Cognitive Disruption Poker is a simple tool that uses cognitive theory to disrupt biases that hinder great solutions. It turns out that we humans have two distinct decision making paths in our brain. Most of the hard work and processing power is dedicated to the fast, high transaction, automatic system known as system one that allows us to for example, to play a musical instrument without having to recall and think through each note and beat. Once you’ve learnt the tune, you can play that tune while thinking about other things, even day dreaming. The second decision making path is where decisions are learnt, thought out, rationalised and practised. It is somewhat slower and much lazier than system one so once we have learned something new it is committed, or hard wired into the system one.
A simple example of both systems is easily demonstrated.
- What is 2 + 2 = ?
What is 16 x 47 = ?
You see how the answer to 2+2 immediately sprang to mind? It was instinctive, automatic, you are unlikely to have worked out the result by thinking it through. The answer to the harder question is not something you usually find in system one.
Maths is one thing what about something a bit more complicate; taste in food, how about the following:
A cheese and jam sandwich
Pretty unpleasant in most peoples mind, a cheese and jam sandwich is not often found in many peoples lunch-box, System one found a few patterns to help work out in your mind whether you should like it or not: A cheese sandwich, delicious and savoury often a main course. A jam sandwich, delicious and sweet, often a childhood treat like cake. Mixing cheese and jam together, probably get told of by mother – Fire ‘yuck!’ response. All this happened automatically when you read about someone eating one on Facebook.
When system one learns, it adds a cognitive bias or two to help fit all this information in your skull and generally aid your survival. Studies have revealed as many as 160 cognitive biases from Loss aversion to Availability heuristic. All of these biases help make up who we are and how we behave and without them we would never have survived so long let alone build a civilisation that explores other planets.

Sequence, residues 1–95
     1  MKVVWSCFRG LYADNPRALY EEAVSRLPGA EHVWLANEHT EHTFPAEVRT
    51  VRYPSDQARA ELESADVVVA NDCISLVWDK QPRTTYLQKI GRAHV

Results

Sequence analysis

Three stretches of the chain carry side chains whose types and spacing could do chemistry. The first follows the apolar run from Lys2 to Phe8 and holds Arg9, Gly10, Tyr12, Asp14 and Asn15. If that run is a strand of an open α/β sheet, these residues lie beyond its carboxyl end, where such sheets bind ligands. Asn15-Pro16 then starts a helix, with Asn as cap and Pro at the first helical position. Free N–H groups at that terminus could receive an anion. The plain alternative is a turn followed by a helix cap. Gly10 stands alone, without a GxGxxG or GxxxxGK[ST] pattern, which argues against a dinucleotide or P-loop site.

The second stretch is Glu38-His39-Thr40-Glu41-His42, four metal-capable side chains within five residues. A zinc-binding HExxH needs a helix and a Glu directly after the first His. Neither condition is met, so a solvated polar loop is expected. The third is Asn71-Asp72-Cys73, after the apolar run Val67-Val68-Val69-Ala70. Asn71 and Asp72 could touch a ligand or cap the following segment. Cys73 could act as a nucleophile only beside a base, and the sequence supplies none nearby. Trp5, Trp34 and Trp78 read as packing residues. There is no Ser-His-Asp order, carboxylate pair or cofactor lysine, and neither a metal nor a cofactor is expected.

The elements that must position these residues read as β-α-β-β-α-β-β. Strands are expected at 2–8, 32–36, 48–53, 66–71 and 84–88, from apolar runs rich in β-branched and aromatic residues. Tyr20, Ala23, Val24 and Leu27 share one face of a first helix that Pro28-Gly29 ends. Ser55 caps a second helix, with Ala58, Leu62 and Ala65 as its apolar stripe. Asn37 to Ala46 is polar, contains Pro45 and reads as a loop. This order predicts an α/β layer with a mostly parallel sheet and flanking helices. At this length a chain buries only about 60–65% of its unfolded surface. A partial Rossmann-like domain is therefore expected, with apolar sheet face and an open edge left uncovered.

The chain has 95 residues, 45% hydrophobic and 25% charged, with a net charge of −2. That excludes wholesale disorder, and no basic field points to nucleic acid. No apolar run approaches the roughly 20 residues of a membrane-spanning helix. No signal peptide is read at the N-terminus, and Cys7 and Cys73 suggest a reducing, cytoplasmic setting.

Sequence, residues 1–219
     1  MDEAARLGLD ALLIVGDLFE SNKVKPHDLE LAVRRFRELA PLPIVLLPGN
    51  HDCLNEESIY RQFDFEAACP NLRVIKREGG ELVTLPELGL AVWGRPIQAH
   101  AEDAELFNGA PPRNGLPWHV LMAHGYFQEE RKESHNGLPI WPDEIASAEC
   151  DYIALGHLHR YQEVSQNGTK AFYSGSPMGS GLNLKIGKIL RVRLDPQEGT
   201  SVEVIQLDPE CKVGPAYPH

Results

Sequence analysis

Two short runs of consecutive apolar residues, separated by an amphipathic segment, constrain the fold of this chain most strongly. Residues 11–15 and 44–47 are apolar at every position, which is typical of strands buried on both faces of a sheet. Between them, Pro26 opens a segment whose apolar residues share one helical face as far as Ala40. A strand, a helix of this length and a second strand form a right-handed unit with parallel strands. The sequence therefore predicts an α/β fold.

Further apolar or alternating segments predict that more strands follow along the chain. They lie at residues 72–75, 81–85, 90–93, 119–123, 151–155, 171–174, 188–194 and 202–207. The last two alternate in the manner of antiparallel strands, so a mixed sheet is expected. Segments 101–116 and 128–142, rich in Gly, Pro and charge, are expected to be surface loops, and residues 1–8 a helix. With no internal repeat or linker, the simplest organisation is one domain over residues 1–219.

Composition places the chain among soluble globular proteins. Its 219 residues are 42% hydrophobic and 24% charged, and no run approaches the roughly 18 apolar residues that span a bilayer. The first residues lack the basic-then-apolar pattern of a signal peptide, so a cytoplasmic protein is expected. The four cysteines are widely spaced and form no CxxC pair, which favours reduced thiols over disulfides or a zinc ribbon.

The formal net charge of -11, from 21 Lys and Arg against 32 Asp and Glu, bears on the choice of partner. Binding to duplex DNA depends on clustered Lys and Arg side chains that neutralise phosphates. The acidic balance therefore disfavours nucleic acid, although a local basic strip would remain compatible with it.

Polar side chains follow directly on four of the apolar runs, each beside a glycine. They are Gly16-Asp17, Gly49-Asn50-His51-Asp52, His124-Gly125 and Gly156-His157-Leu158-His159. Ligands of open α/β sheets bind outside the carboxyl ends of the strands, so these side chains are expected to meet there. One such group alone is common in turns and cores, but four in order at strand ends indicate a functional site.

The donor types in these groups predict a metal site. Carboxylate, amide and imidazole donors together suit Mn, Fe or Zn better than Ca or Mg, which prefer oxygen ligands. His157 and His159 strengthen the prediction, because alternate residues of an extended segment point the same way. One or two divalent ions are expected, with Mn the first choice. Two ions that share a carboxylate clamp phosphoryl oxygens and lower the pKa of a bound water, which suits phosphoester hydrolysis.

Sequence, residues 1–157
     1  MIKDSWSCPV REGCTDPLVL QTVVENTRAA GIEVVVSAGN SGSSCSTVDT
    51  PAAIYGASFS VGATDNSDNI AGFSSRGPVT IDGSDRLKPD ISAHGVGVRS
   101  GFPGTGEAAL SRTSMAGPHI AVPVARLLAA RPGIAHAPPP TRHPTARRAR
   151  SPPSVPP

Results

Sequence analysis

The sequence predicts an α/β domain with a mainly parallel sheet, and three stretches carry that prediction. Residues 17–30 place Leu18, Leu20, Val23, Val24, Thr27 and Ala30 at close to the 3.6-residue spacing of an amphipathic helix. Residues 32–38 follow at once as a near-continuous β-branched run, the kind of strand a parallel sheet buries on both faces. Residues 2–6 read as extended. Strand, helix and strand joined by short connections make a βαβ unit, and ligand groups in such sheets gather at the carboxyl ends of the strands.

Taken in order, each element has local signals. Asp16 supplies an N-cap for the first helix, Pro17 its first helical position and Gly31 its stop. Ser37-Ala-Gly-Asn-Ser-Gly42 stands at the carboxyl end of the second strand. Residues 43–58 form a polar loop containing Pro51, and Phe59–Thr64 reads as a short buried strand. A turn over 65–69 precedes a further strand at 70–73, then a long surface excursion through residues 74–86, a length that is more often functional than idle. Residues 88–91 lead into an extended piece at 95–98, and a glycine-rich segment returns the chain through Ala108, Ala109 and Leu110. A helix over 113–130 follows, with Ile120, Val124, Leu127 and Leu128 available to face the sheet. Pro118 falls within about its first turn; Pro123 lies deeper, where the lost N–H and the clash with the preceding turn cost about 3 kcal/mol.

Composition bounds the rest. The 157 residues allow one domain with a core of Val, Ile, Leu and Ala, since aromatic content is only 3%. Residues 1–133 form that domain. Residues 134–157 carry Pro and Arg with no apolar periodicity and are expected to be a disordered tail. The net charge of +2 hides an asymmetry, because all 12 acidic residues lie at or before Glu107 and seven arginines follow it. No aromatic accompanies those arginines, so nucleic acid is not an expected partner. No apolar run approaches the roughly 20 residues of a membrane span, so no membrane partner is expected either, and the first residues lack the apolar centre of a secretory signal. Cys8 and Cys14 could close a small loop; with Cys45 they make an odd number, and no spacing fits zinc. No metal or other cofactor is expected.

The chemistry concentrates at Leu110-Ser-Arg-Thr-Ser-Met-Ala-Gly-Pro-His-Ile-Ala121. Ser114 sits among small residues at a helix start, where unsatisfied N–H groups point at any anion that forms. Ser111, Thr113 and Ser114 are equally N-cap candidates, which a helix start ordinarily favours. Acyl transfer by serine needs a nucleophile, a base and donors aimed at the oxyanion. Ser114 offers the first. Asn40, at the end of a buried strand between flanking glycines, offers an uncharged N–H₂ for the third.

Developing software solutions is largely a technical exercise, all logical and systematic in its approach to problem solving so is immune from cognitive bias? Of course not, you only have to work in the industry for a few days to see cognitive bias everywhere. Anyone who has tried to improve that accuracy of time estimation, or the security of an application, or develop a new user experience will have plenty of experience of cognitive bias. We evolve processes and tools to manage these biases in order really to bring order and most are pretty effective in some way. Some of the tools I particularly like are cognitive disruption games. You may have used them yourself, probably the most familiar one in the software industry is Scrum Poker. We use this tool to help improve our estimating tasks by disrupting ‘availability cascade’. Another one of my favourites is Elevation of Privilege, a card game used to disrupt how we think about software security and threat modelling. While I was using Elevation of Privilege I pondered how a tool like this could help improve our product’s User Experience, or for that matter any part of a software product, using a standard card desk and loosely following the rules of one of my favourite recreation games Texas Hold-em.